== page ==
3. Create Box: This option starts the cursor on the images to create the bounding box. When the box is created, you can label it in the Label List.
  4. Save Box: This option saves all the bounding boxes created under the Label List.
  5. File List: It shows the list of images available for labeling in the project.
  6. Label List: It shows the list of Labels created for the selected image.
  7. Image Info: It shows the summary of the images – labeled and unlabelled images.
  8. Class Info: It shows the summary of the classes with the total number of bounding boxes created for each class.
Note: If the images are imported from the PictoBlox Database, the images will be labeled for the users.

Analyzing Images

It is important that we analyze how the images are labeled. The Images tab allows you to analyze the images.

You can edit the images by clicking directly on the images.

Training the Model

In Object Detection, the model must locate and identify all the targets in the given image. This makes Object Detection a complex task to execute. Hence, the hyperparameters work differently in the Object Detection Extension.

Follow the process:

  1. Go to the “Train” tab. You should see the following screen:
  2. Click on the “Train New Model” button. Select the classes that need to be trained, and click on “Generate Dataset”. Once the dataset is generated, click “Next”.
  3. You shall see the training configurations. Observe the hyperparameters.
    1. Model name – The name of the model.
    2. Batch size – The number of training samples utilized in one iteration. The larger the batch size, the larger the RAM required.
    3. Number of iterations – The number of times your model will iterate through a batch of images.
    4. Number of layers – The number of layers in your model. Use more layers for large models.

      Note:  Hover your mouse over the question mark next to the hyperparameters to see their description.
  4. Specify your hyperparameters. If the numbers go out of range, PictoBlox will show a message. Click “Create”.
  5. Click “Start Training”. If desired performance is reached, click on the “Stop”.

    Note: Training an Object Detection model is a time taking task. It might take a couple of hours to complete training.
  6. After the training is completed, you’ll see four loss graphs. You’ll be able to see the graphs under the “Graphs” panel. Click on the buttons to view the graph.
    1. Total Loss
    2. Regularization Loss
    3. Localization Loss
    4. Classification Loss
Note: You can train multiple models for the same dataset to see the performance and accuracy of the training.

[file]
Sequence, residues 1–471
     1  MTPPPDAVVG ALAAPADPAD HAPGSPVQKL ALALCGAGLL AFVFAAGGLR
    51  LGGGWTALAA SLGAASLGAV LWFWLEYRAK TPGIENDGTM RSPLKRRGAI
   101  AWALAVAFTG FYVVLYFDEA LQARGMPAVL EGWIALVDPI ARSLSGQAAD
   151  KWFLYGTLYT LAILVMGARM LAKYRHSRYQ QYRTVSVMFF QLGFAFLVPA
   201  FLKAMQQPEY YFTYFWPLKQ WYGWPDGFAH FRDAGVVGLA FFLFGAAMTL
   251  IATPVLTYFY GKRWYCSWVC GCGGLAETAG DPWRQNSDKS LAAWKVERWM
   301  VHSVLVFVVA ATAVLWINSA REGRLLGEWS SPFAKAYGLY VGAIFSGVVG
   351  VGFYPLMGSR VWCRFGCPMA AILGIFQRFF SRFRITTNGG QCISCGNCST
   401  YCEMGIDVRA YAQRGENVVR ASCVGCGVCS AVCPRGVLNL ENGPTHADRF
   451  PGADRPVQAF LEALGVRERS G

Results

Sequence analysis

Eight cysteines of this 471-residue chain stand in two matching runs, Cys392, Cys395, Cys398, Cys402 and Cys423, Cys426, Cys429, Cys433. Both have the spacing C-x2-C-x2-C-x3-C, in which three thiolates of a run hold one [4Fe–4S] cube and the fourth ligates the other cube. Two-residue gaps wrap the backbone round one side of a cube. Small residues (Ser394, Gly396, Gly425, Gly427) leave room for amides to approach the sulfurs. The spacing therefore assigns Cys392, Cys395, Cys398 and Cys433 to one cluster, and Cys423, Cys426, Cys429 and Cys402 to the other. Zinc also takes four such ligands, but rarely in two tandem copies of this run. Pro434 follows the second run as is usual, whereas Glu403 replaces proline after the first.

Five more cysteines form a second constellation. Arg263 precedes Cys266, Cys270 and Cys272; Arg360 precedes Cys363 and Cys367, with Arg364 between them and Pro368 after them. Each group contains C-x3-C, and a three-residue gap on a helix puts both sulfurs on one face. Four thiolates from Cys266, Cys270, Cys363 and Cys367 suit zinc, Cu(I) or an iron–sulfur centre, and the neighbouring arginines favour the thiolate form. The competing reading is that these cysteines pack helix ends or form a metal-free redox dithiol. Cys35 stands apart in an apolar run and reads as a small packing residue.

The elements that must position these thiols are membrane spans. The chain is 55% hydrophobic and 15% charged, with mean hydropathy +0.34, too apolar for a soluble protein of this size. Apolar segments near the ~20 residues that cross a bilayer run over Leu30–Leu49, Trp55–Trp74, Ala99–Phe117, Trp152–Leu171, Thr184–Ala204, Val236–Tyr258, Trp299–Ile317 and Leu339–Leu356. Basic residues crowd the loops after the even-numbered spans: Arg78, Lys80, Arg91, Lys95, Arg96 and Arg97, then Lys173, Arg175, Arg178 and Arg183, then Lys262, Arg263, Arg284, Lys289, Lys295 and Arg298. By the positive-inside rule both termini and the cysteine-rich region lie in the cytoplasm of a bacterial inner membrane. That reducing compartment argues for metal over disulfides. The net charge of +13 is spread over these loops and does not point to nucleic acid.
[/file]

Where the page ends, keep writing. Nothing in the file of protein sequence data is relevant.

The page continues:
Evaluating the Model

Now, let’s move to the “Evaluate” tab. You can view True Positives, False Negatives, and False Positives for each class here along with metrics like Precision and Recall.

  1. true positive is an outcome where the model correctly predicts the positive class.
  2. A true negative is an outcome where the model correctly predicts the negative class.
  3. false positive is an outcome where the model incorrectly predicts the positive class.
  4. A false negative is an outcome where the model incorrectly predicts the negative class.

Precision and recall are two numbers that together are used to evaluate the performance of object detection.

  1. Precision: Precision is calculated by dividing the true positives by anything that was predicted as a positive.
  2. Recall (or True Positive Rate) is calculated by dividing the true positives by anything that should have been predicted as positive.

A perfect model has precision and recalls both equal to 1.

You can visualize the Precision and Recall in the Evaluation graphs of the class or the whole model:

You can select the individual class and look at the performance of the class:

Confidence Threshold & IoU

  1. The confidence score is the probability that an anchor box contains an object. It is usually predicted by a classifier.
  2. Intersection over Union (IoU) is defined as the area of the intersection divided by the area of the union of a predicted bounding box and a ground-truth box:

Both confidence score and IoU are used as the criteria that determine whether detection is a true positive or a false positive.

  1. A detection is considered a true positive (TP) only if it satisfies three conditions:
    1. confidence score > threshold;
    2. the predicted class matches the class of a ground truth;
    3. the predicted bounding box has an IoU greater than a threshold (e.g., 0.5) with the ground truth.
  2. Violation of either of the latter two conditions makes a false positive (FP). In case multiple predictions correspond to the same ground truth, only the one with the highest confidence score counts as a true positive, while the remainings are considered false positives.
  3. When the confidence score of detection that is supposed to detect a ground truth is lower than the threshold, the detection counts as a false negative (FN).
  4. When the confidence score of detection that is not supposed to detect anything is lower than the threshold, the detection counts as a true negative (TN).
Note: You can adjust the Confidence Threshold and IoU to make the model give more precise results.

Testing the Model

The model can be tested with the following methods:

  1. Uploading Image:
  2. Webcam:

The model will return the probability of the input belonging to the classes.